Sunday, October 29, 2006

"Fish with Spaghetti" on SilkAir

Fish with Spaghetti or Linguine?

That was interesting. The flight attendants were telling the passengers that the selections tonight were "fish with spaghetti" or "chicken with fried rice." The word "spaghetti" instantly conjured up images of a red tomato-based sauce in my head, which didn't quite resonate with me, seeing as it sounded like they paired it with some fish. So I nearly opted for the chicken instead until the flight attendant suddenly changed her description when she reached our row to "fish with linguine in a cream sauce." Whoa. That changed my selection immediately.

It turned out to be the right choice. This wasn't too bad, with a decently creamy sauce and fish that didn't reek of anything too aged. In contrast, I also got to try some of the chicken, whose dark spicy kung pao-like sauce was enjoyable, but the chicken cubes themselves had a bit of a not-that-fresh aftertaste. I don't know why she suddenly changed the description of the dish when she reached us (especially since this clearly was a different noodle type altogether), but I'm glad that she did.

Dunkin' Donuts at Phuket Airport

Boston Kreme

Whoa - there is a Dunkin' Donuts stand at the airport here. Here's a Boston Kreme doughnut, which definitely pales in comparison to Krispy Kreme (especially with a much stingier amount of cream filling inside). It still went down quickly though. The funny thing is that I never really went to Dunkin' Donuts much back in the US (I think it was more of an East Coast thing?).

The Phuket Vegetarian Festival

Vegetarian egg rolls and noodles

Apparently the Chinese population on Phuket runs some annual vegetarian festival for ten days for purification purposes, and by sheer coincidence, we were here at the same time. With only one day remaining though, we figured that we'd try some of the fare, even if some of the street stalls selling such stuff didn't really look very appetizing.

Can anyone who can read Thai verify that these signs are in reference to the Phuket Vegetarian Festival?We grabbed a simple bowl of noodles, which featured some forms of clear fungus, some faux-char siew, and even vegetarian meatballs that looked very similar to the real thing. The char siew impressively had a bit of a smoky flavor to it, but the meatballs were just tasteless. The broth was also a bit sweet (probably from all the vegetables), so a dose of fish sauce and chili powder were needed here to change the taste. We also got some vegetarian egg rolls, but these were a bit hard and nothing that impressive. We eventually left a bit unsatisfied, but at least we tried this vegetarian thing out.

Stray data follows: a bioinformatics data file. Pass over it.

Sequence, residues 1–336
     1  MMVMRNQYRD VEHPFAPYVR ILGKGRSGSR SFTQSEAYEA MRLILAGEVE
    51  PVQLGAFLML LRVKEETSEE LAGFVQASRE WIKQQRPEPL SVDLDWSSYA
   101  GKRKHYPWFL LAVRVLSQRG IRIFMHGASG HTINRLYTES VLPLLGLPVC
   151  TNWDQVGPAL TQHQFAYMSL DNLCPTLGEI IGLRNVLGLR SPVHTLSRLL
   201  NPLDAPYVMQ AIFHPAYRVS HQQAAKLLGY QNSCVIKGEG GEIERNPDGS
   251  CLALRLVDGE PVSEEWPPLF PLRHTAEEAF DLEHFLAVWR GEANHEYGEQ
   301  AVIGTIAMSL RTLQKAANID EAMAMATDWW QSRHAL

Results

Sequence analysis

Schwepps Sparkling Manao SodaAnd here is final entry for this trip on local drinks, this one being Schwepps Sparkling Manao Soda, which is basically lime soda. It was a bit sweeter and concentrated than I was expecting, but still fine.

Some Market in Kata, Phuket

The market in Kata

Here's that market in Kata (near the Karon side) that I got that kanohm jin from. It wasn't much different than any other open market around here, complete with veggies, spices, seafood, and meat (plus of course the wet floors and flies circling overhead), but I'm always into checking out these kinds of places. It's always kind of fun to use hand signals to communicate when you don't know the local language too.

Some random bowl of noodles off the streets of KataWe later migrated further into the center of Kata and found a few streetside vendors selling som tam papaya salad as well as a lady with some of those round things that I thought she would make into that yum-nam-sod stuff I had in Bangkok once, but instead she served us a bowl of soup noodles (featuring none other than kanohm jin noodles, BTW), complete with bloodcakes and even optional chicken feet if we wanted it. It was spicy and tasty, but also a bit cold and probably not something I'll go for again.

Local Kanohm Jin Phuket - finally!

Kanohm Jin with a curry gravy and a selection of veggies

Finally after so many aborted attempts to get kanohm jin, a breakfast dish originating from Phuket, I finally found some this morning (and in a true local style; not dressed up all prettily in a Bangkok restaurant). It was actually still rather difficult to find this morning, as the first place that I went to along the roadside had already finished their supply before 10 AM. We went further down the street into Kata before a smile appeared on my face after spotting a local open market surrounded by a number of food vendors too. From there, I made my stand.